An overview of our research activities and research products.
Blood Clot Biomechanics in Thrombosis and Hemostasis:
Blood clotting is an essential physiological response to stop bleeding, foster wound healing, and ensure hemostasis. However, this normal physiological process can go rogue, leading to pathological clotting or thrombosis. Thrombosis drives severe diseases like stroke and heart attack; and is intimately connected to local flow and transport phenomena. We are interested in fundamental understanding of clot mechanics under flow especially in macroscale large artery setting, and in patient-specific vasculature. We employ a combination of custom numerical algorithms, high-performance computation, and image analysis, to study clot-hemodynamics interactions, clot deformation mechanics, and clot embolization.
Stroke and Cerebrovascular Biomechanics:
Stroke remains one of the most severe cardiovascular disorders, and a leading cause of death and disability worldwide. Several aspects of the underlying etiology, and improving diagnosis and treatment, remain poorly understood for stroke and related cerebrovascular accidents like Transient Ischemic Attack. We are interested in advancing the state of the art in understanding embolic stroke etiology, especially considering embolic strokes of undetermined sources (ESUS). We are also interested in understanding the interplay between stroke and cerebrovascular flow, including aspects of proximal and distal collateral circulation and its relation to reperfusion. We use a combination of custom in silico tools, multi-modal medical image analytics, and benchtop experiments to investigate embolic stroke phenomena.
Hemodynamics in Circulation:
Space-time varying blood flow patterns, and flow-induced mechanical stimuli like pressure, shear, and oscillatory forces are key drivers in a wide range of circulatory phenomena in health and disease. We are deeply interested in identifying how flow patterns and forces manifest in physiological patient-specific circulatory pathways. This is of key interest in patients on mechanical circulatory support such as ventricular assist devices, where altered state of hemodynamics may lead to complications like stroke. We are also interested in how surgical procedures can influence hemodynamic state, and how we can generate insights on surgical parameters and their optimization for improved patient health. We use a combination of high-performance computations, Lagrangian and particle approaches, image analysis, and benchtop experimentation to develop high fidelity in silico reconstruction of patient-specific hemodynamics for macroscale circulatory pathways.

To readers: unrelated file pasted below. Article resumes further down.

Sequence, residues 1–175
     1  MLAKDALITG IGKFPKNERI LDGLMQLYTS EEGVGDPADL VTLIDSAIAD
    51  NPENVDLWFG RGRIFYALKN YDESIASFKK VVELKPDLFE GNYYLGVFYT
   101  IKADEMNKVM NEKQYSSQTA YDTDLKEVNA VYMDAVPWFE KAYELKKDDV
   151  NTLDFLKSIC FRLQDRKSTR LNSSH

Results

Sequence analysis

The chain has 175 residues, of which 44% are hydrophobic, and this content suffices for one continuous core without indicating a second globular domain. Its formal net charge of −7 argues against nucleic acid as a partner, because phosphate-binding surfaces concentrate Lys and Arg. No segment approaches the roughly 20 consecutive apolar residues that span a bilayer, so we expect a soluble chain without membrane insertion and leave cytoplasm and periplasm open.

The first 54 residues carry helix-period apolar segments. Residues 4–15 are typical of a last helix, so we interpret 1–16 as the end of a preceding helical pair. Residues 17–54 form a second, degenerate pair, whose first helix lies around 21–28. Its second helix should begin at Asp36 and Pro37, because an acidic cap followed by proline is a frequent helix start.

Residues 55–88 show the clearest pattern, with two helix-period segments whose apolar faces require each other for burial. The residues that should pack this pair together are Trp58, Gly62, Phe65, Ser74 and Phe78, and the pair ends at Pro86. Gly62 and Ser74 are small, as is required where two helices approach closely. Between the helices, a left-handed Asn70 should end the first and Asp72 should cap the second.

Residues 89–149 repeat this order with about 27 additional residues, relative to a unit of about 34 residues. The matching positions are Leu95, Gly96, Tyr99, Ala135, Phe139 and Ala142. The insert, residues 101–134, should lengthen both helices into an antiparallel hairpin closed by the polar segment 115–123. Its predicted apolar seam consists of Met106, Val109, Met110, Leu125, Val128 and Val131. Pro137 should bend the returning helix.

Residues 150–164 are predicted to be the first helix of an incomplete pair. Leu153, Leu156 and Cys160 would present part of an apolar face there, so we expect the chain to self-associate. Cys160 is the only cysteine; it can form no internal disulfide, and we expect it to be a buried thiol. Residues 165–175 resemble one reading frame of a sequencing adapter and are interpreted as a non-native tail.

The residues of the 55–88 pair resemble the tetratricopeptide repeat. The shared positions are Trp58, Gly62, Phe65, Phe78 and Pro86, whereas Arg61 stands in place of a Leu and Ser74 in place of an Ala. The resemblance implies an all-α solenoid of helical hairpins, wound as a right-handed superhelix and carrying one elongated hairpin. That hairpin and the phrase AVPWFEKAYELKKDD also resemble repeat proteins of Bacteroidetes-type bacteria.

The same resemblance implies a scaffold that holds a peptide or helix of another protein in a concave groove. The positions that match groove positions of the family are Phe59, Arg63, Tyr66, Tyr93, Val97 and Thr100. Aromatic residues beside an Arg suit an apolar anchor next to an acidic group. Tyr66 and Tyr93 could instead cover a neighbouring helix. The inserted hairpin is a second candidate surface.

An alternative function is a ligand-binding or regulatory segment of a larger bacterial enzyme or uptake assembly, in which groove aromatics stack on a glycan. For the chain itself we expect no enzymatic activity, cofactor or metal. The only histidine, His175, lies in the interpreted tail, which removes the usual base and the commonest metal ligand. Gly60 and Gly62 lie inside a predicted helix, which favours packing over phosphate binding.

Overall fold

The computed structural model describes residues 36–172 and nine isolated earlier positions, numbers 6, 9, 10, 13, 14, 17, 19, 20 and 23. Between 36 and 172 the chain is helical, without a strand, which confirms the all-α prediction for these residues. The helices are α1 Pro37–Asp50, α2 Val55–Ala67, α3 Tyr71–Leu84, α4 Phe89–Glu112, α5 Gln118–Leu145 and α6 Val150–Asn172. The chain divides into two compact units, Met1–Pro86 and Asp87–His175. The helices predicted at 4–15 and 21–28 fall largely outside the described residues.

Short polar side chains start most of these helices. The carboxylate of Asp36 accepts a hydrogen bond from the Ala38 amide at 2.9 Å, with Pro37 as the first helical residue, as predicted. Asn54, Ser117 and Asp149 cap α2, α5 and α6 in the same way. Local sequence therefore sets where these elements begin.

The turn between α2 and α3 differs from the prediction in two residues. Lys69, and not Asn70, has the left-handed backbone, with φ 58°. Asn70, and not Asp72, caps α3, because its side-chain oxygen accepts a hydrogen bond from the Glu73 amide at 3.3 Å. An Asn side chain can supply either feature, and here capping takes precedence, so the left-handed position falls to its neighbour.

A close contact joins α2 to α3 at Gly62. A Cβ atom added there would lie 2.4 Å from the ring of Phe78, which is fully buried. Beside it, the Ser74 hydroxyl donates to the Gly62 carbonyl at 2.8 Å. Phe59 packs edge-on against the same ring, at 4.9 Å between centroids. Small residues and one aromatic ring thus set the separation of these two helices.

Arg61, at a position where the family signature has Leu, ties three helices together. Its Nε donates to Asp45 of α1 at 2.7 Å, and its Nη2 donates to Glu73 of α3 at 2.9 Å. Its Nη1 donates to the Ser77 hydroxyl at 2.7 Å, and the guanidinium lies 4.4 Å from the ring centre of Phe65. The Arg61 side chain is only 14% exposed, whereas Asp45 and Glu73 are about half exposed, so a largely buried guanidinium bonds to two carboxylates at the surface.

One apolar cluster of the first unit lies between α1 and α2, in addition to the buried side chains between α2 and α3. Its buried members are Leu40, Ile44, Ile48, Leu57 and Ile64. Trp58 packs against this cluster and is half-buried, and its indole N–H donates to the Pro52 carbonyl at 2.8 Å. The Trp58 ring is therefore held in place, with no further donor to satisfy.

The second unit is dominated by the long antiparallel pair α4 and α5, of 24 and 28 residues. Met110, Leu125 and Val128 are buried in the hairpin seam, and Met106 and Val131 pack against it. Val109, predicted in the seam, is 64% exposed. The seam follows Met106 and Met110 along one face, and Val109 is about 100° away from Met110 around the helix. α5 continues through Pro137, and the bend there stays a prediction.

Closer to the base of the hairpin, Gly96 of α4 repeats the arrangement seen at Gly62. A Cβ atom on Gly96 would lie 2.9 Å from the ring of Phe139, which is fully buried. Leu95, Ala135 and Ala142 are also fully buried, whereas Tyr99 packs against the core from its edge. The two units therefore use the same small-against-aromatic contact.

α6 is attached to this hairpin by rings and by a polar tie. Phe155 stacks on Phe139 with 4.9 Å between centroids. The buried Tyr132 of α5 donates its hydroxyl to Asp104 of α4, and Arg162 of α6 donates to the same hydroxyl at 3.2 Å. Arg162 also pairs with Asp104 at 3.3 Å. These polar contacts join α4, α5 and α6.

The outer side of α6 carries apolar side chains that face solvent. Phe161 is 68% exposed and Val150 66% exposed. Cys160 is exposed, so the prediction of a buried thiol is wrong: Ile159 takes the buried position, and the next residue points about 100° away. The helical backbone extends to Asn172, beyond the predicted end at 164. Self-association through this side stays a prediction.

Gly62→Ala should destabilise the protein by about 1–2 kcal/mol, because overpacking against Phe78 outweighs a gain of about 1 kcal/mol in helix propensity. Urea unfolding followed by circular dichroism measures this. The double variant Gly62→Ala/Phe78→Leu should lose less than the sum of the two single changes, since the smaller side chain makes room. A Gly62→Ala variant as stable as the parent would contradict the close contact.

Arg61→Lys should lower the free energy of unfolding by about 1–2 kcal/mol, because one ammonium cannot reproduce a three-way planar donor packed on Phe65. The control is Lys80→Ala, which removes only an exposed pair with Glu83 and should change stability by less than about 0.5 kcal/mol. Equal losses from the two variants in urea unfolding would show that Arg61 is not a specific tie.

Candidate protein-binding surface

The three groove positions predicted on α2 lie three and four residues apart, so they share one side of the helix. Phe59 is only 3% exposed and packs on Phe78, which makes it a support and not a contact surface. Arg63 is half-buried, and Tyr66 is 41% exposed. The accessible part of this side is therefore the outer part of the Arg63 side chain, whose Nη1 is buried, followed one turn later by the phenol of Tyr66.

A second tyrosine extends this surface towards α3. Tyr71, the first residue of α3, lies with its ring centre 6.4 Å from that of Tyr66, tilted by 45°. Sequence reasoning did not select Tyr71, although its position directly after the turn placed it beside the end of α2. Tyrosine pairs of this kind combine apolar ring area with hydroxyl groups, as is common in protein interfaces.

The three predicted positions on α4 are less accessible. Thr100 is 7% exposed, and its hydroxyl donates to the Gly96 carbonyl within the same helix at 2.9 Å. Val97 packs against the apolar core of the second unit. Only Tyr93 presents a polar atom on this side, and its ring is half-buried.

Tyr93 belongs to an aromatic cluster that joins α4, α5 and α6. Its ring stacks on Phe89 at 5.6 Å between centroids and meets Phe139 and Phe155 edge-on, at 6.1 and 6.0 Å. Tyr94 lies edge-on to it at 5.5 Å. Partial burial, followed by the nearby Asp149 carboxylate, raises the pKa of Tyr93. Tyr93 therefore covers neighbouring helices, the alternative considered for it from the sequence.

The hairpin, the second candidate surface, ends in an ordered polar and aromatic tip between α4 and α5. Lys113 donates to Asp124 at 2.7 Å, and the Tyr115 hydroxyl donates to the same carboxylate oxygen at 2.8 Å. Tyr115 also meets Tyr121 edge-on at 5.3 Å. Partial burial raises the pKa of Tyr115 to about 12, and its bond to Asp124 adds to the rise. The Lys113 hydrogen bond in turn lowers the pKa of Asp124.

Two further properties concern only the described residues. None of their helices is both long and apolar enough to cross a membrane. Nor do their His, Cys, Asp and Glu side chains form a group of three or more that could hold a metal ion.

Vascular Drug Delivery:
Vascular pathways are often routes for administering drug to a disease site. Key examples include thrombolytic drug delivery to an occlusive clot for stroke; and transarterial drug delivery approaches for cancer and fibroids. Improved drug delivery strategies and treatment efficacy assessment requires advancements in understanding the role of local flow in determining optimal drug transport and its effect at the disease site. We are interested in unraveling this fundamental role of local hemodynamics using a combination of in silico and in vitro analogue benchtop approaches. Our investigations center around developing algorithms for multiscale reaction-transport systems for drug delivery; and addressing clinically relevant questions of patient-specific dosimetry and treatment planning, and targeted vs non-targeted delivery.
Infection Transmission and Control:
The role of flow physics is central to how infections, especially respiratory pathogenic infections, spread from human to human. This constitutes an important class of biofluids problems where flow is external to the human body, but pathogens released by the human are carried into the flow leading to infection transmission. Understanding how flow mediates pathogen transport and exposure, can then enable devising measures for infection control as well. We are broadly interested in developing tools for understanding infection transmission and control in human-occupied spaces. We integrate computational airflow modeling, Lagrangian approaches for infectious agents, and building and operations data to develop tools that can enable better estimates of infection risk, and better strategies for control and isolation/quarantine. The global Covid-19 pandemic has motivated much of our investigations in this area.